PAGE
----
Coaching in South Africa[edit]

Erasmus' coaching career began in 2004, after he became the head coach of his previous club, Free State Cheetahs, for the 2004 Vodacom Cup. In his first stint at coaching, he led his side to Semi-Finals of the Cup, only to lose to the Blue Bulls 23–20. In 2005, he made the step up to Currie Cup, leading the Free State to glory during the 2005 season. It was the Cheetahs first Cup title since 1976. The following year, Erasmus led the Cheetahs into their debut season in the Super 14 competition, finishing in tenth place with five wins from thirteen. Later that year the Free State Cheetahs retained their Currie Cup title, however they had to share the trophy with the Blue Bulls after the score remained even after extra time, 28–28, and no other criteria separating the teams. Following the 2007 Super 14 season, Erasmus left the Cheetahs set up after being appointed technical adviser to the Springboks ahead of the 2007 Rugby World Cup. However his time was cut short, after he joined the Western Province set-up as director of rugby effective immediately ahead of their 2007 Currie Cup campaign.[3][4]

He was also named the new Stormers head coach for the 2008 Super 14 season, where he helped improve the side to narrowly miss out on play-off places in the semi-final - lifting the team from their tenth place in 2007 to fifth in 2008. By mid 2009, Western Province and the Stormers revamped their structure, which saw Erasmus become a Senior professional coach for the region, and Allister Coetzee introduced as head coach for the province and Super Rugby side.[5] With this new system, the region gained great success in 2010, with both the Stormers and Western Province progressing to the finals, only to lose to come runner-up in their respective tournaments. Whilst in 2011, the Stormers became the leading South African side, topping their conference a making the semi-finals for a second consecutive year.[citation needed]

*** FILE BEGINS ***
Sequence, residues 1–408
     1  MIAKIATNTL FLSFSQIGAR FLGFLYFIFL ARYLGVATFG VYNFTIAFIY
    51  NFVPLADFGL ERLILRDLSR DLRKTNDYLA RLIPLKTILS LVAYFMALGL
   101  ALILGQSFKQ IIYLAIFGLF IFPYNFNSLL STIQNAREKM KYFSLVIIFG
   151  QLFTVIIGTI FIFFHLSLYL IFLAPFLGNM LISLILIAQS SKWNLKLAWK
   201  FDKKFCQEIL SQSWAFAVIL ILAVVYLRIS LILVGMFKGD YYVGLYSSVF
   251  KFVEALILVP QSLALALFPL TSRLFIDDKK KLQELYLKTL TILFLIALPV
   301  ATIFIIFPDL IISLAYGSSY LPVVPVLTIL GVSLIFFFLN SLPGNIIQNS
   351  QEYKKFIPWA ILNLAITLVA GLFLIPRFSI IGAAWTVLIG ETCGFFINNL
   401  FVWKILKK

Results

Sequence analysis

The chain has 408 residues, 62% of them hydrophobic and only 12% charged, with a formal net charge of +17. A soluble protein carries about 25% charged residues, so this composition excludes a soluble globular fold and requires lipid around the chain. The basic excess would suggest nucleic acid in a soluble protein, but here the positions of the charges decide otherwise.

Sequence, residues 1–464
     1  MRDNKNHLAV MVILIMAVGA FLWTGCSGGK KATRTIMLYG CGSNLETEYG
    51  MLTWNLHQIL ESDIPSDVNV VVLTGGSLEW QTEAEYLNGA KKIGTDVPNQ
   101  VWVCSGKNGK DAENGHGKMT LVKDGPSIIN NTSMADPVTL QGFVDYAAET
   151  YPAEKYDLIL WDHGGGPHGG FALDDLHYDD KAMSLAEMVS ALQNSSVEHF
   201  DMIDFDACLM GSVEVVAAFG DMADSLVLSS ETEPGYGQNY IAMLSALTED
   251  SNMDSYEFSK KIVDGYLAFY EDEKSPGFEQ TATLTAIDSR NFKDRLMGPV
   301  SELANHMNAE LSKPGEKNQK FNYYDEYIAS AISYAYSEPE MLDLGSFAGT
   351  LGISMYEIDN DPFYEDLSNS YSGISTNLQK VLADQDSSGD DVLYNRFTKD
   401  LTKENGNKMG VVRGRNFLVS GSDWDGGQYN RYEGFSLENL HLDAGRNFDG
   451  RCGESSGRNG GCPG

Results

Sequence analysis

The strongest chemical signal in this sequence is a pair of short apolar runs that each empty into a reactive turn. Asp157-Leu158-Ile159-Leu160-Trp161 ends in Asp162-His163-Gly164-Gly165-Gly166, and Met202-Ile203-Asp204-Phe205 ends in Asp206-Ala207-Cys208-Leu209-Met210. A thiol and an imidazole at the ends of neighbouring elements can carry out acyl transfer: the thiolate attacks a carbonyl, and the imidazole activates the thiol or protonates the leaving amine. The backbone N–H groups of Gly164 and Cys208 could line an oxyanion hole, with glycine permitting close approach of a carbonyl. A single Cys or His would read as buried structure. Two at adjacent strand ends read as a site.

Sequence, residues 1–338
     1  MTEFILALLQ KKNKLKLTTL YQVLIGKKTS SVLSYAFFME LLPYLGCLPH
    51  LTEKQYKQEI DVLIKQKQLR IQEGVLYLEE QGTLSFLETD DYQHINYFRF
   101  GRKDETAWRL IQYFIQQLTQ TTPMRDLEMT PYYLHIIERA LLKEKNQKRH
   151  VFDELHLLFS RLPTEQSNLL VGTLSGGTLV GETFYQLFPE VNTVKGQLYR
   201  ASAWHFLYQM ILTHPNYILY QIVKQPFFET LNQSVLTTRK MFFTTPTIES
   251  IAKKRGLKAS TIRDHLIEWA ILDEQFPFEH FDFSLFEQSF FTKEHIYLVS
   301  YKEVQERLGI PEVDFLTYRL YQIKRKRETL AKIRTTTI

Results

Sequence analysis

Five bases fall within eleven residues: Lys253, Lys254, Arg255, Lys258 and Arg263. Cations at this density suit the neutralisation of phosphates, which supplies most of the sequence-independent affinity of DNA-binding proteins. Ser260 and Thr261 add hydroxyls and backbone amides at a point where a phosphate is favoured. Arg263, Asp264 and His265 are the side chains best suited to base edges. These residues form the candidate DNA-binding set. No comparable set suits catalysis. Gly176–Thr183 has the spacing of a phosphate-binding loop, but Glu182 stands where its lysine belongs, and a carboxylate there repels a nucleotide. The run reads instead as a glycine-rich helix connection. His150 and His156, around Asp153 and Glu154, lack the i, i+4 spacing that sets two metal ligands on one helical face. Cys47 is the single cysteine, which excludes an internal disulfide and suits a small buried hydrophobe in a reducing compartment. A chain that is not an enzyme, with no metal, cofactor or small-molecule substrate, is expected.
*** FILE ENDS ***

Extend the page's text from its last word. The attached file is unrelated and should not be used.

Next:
In April 2011, it was announced that Erasmus will be part of the Springboks management team at the 2011 Rugby World Cup as a technical specialist.[6] South Africa was knocked out by Australia in the quarter-finals, losing 9–11. Despite that he was meant to return to his duties with the Stormers and Western Province post World Cup, he quit the region in January 2012 to look for other coaching options.[7][8]

After Heyneke Meyer was named as Peter de Villiers' replacement in January 2012, Erasmus was appointed General Manager: High Performance teams, in April of that year.[9] Part of his role consists of acting as an assistant to Meyer when the Springboks are in training camps.

Move overseas[edit]

In April 2016, it was confirmed that Erasmus would be joining Irish provincial side Munster as the Director of Rugby on a three-year contract, beginning on 1 July 2016.[10] However, following the death of head coach Anthony Foley, Erasmus took on the duties of both Director of Rugby and head coach for the remainder of the season. He led his side to top of the pool 1 in the European Rugby Champions Cup finishing in second seed overall to advance to the Quarter-finals. There they beat Toulouse, 41–16, before losing to Saracens 26–10 in the semi-finals. The 2016–17 Pro12 proved more successful, topping the table at the end of the regular season with 19 victories, and defeating the Ospreys 23–3 in the semi-finals. Despite going into the final favorites, Munster were convincingly beaten by the Scarlets in the final, losing 46–22 at the Aviva Stadium.

On 7 May 2017, Erasmus won the 2016–17 Pro12 Coach of the Season award, an honour that was given to him at Guinness Pro12 Awards dinner in the Guinness Storehouse, Dublin.[11]

South Africa Director of Rugby[edit]

On 30 June 2017, it was confirmed that Erasmus would be leaving Munster in December 2017 to become South Africa's Director of Rugby, a position that has never been filled at SARU.[12][13]

Head coach of South Africa[edit]

Following the sacking of Allister Coetzee in February 2018, Erasmus was named head coach of the national team, alongside his duties as Director of Rugby at SA Rugby, on 1 March 2018.[14]